Booth Awakens With a Viable Theory: Follow the Pattern 

Serial murderers' compulsions are their undoing, remembers Booth in the middle of the night. Serial killers' time frames usually compress as they get better and better at what they do. Rockwell has been in prison for seven months. Prior to that, the murders were occurring every three months. If Rockwell is innocent, there must be someone out there who already committed another one or two murders, but has yet to be uncovered. 

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The Ritualistic Killings Require a Specific Setting

Angela, Hodgins and Aubrey identify a location where the next victim could be stashed. Low and behold, they find the remains of someone soaking in ammonia, which is a purifying agent. The interior of the abandoned building contains large tables with lots of blood, just like at the iron refinery. Also, finally, they find a large hunk of skin sporting a trout-sized tattoo hanging from the ceiling the same way the tattoos were last time. This time the victim is a woman. It turns out that the victim, Tracy, had been attending Narcotics Anonymous with Saltz. Saltz gets returned to the tank.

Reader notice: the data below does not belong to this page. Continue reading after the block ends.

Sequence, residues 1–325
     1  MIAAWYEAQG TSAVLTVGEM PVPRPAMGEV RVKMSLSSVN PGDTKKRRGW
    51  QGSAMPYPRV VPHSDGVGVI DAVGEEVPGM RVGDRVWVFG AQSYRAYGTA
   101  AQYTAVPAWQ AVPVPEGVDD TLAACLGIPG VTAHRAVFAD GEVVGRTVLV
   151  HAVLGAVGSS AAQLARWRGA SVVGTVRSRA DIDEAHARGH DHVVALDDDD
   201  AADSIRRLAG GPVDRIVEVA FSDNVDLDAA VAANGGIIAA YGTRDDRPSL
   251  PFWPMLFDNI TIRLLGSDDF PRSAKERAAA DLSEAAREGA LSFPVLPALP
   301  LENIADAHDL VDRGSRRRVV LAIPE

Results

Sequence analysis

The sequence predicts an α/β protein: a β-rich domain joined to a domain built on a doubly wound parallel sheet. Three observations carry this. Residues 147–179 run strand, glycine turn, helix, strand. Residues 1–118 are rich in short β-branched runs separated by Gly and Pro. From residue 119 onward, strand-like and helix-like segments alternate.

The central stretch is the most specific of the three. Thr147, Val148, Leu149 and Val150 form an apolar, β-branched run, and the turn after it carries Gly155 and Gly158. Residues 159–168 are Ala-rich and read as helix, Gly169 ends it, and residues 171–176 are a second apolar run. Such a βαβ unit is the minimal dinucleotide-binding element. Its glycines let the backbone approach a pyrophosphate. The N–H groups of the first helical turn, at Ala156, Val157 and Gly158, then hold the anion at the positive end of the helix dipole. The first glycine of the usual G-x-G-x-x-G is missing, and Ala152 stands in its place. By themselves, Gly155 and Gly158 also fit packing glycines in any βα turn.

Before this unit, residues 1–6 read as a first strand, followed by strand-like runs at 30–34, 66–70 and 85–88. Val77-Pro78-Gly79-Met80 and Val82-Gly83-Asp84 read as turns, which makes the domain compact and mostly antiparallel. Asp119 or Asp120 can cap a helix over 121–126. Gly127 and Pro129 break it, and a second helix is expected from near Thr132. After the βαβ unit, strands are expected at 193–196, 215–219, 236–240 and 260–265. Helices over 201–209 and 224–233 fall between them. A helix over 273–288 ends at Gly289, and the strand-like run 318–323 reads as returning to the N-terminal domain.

Roger Flender is the Freak Behind the Sacramental Pastries

Through a really convoluted family tree explanation, Angela is able to tie all of the victims together and connect them to Flender. So, now we're off to ransack Flender's place. Flender believes in purifying his workers if they are not able to get themselves clean and stay clean. He believed only death could fully purify the soul of the sinner.

Fuentes notices marks on the bones that point to a masonic symbol for a deity. Nexrt, Booth and Aubrey are tearing apart Flender's place. Booth, because he's brilliant, knocks out some bricks from a wall and finds Flender's stash containing the knife and the compass he used on his victims. What a sick turd, Flender. 

Angela and Hodgins Scare the Hell Out of the Fandom

In the second to last scene, Hodgins and Angela are closing up for the night and the topic of moving to Paris reemerges. Hodgins says they need to look at even bigger houses than the ones she had researched. Then Dr. Jack Hodgins takes his wife in his arms and says the ten words that will be the most talked about words in the Bones viewing universe until May 11th. 

"After ten years we deserve to let life surprise us."

Next time we are together, fellow Boners, our greatest question will have been answered. I, for one, cannot wait until we know for sure. Until then ... Keep Lovin' Bones.

Bones airs Thursdays at 8pm on FOX. 

(Images courtesy of FOX)